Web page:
We are walking to the abandoned sniper tower in the center of Mostar when she says it.
“I love how Christians and Muslims live in peace here,” she said. My mouth almost dropped open. Does she even know what happened here?
Later, she takes selfies while leaning on a ledge that guns rested on around the clock as Serbs and Croats picked off Muslim Bosniaks back in 1993.
For me, 1993 is the year when my sister was born. It was the year I became obsessed with the Jungle Book, fancying myself a young female Mowgli, turning over stones looking for grubs. It was the year I tried and promptly failed out of ballet.
For Mostar, and much of Bosnia, 1993 was the year that brothers, fathers, and sons all turned to dust.
It was the year that people who had been living together, if not in peace at least in détente, suddenly all turned on one another.
It was the year their neighbors took to the hollowed out shell of Ljubljanska Bank to shoot them, carelessly, as if for sport. Like beer cans set up at a home shooting range.
Sitting in the graveyard of the mosque on the Muslim side of Mostar, I’m surrounded by gravestones, all erected in 1993. By now, I know the numbers of the war; I know that almost 2,000 people – nearly all men and boys – met their end in Mostar this year; I know that over 8,000 died in Srebrenica; I know that almost 100,000 people died overall in these terrible years; I know that tens of thousands of Bosniak women were kidnapped, tortured, and raped as a means of ethnic cleansing.
But even surrounded by these stark reminders of all the lives lost in 1993, none of these facts feel like anything. At least, it doesn’t until I see an old man with his head buried in his hands. Even not seeing his face, I can tell. Sadness is present in the grip of his fingers on his temples, the curve of his spine, the way his shoulders tremble. Without asking, without having to ask, I realize he must be the father of one of these gravestones.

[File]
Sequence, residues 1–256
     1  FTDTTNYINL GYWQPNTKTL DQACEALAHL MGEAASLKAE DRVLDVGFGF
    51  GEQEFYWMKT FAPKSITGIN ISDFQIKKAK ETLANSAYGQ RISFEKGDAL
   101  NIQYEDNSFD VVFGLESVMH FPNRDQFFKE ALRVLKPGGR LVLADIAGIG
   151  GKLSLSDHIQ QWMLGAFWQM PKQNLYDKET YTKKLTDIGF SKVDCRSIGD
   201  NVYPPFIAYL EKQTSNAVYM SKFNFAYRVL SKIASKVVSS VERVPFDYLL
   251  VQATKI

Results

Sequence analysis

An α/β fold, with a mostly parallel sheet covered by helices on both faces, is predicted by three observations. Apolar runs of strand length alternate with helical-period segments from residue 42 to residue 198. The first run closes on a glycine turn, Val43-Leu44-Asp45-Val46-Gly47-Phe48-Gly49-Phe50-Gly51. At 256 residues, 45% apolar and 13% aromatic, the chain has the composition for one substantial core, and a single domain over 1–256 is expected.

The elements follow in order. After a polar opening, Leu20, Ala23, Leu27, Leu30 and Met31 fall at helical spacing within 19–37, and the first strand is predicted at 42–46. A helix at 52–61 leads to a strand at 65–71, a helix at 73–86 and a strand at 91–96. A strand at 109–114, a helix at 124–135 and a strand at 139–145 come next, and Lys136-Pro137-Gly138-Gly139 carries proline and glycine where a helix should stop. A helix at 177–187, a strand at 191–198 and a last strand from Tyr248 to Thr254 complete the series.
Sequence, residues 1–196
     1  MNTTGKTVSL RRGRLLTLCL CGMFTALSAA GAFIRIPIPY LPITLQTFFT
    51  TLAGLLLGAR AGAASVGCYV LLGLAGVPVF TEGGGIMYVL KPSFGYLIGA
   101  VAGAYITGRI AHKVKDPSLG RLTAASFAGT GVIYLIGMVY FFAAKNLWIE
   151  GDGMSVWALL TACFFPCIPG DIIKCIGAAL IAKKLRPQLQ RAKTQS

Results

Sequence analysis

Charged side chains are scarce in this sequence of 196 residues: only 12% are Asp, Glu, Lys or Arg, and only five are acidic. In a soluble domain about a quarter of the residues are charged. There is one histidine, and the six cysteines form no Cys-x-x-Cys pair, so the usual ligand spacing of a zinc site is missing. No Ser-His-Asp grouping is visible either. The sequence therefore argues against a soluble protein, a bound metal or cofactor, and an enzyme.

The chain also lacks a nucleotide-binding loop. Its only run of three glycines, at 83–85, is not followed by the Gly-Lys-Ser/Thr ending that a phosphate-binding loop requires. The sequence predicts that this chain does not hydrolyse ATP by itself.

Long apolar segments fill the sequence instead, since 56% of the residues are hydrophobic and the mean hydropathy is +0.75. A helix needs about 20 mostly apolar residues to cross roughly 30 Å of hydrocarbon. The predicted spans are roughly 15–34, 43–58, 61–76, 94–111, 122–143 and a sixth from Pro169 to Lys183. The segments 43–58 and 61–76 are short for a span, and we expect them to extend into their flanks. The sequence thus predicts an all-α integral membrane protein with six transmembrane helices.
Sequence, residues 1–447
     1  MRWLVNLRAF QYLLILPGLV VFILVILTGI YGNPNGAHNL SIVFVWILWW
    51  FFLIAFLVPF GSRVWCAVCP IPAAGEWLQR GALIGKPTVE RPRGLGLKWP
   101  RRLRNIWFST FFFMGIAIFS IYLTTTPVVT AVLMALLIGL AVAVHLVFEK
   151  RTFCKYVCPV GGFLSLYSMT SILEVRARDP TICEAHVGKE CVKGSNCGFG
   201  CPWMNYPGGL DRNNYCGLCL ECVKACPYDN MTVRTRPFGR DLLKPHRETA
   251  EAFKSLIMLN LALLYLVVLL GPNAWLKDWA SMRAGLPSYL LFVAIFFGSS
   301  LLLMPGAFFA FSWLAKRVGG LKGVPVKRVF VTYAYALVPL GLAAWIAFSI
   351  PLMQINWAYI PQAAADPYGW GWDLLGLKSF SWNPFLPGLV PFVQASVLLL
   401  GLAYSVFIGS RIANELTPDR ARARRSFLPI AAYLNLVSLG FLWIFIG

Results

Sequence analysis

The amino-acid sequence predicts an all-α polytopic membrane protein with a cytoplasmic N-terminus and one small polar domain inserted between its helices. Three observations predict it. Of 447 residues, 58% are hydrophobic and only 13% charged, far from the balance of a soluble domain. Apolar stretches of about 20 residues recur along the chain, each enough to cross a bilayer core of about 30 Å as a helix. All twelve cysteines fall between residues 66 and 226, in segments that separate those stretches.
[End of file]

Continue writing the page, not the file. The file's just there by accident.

And I shatter inside. Sometimes the only number that matters is one.
Leaving the sniper tower, I exist in a kind of a daze. How many snipers had laid in wait where I walked? How many lives were taken on this very block?
As I cross the Old Bridge (a misnomer, as it was bombed to pieces in 1993, effectively herding up all the Muslim Bosniaks for easier picking off, and only rebuilt in 2004) I am filled with a sudden, irrational anger with all the tourists around me. I scowl at someone buying a cheap magnet. A tour group parade squeezes through the souvenir shops, looking more at their selfie sticks than their surroundings. I want to shake them by the shoulders, shout at them: don’t you know what happened here? Don’t you care?
But of course, I am here. Don’t I know what happened? Don’t I care? Am I really any better? Me, this tragedy tourist? By not buying that god awful magnet, by not putting money in the pocket of someone who lived through those terrible times, how am I really any better?
Some of Mostar has scarred over. Some wounds are still open: bombed-out buildings left standing even 23 years later, moreso on the Bosniak side of the river. They look like the smile of someone missing half their teeth.
But to paint a picture of Mostar as nothing more than a war-ravaged shell is unfair to the city and even moreso to its citizens. Bosnians are tough. The Sarajevo Film Festival began in 1993, while Sarajevo was under siege – no food, no running water, no electricity – just backup generators and the willpower not to let the war run their lives. In short, the people of Bosnia are resilient. They have passions, desires, dreams, stories. They are not just victims.
They drink strong Bosnian coffee overlooking Stari Most. They play backgammon and chat with their friends. They laugh over massive quantities of grilled meat. They smile with bemusement at the outsiders who come to visit their city. They share massive 2 liter bottles of beer with their friends on the banks of the river. They gather each year to watch the artful arcs of the cliff diving champions twisting and tucking as they dive off the famous Mostar bridge. They drink rakija and dance into the evenings; like us, they love, laugh, and dream.
Mostar may be a city built on a graveyard, but it is not a ghost.
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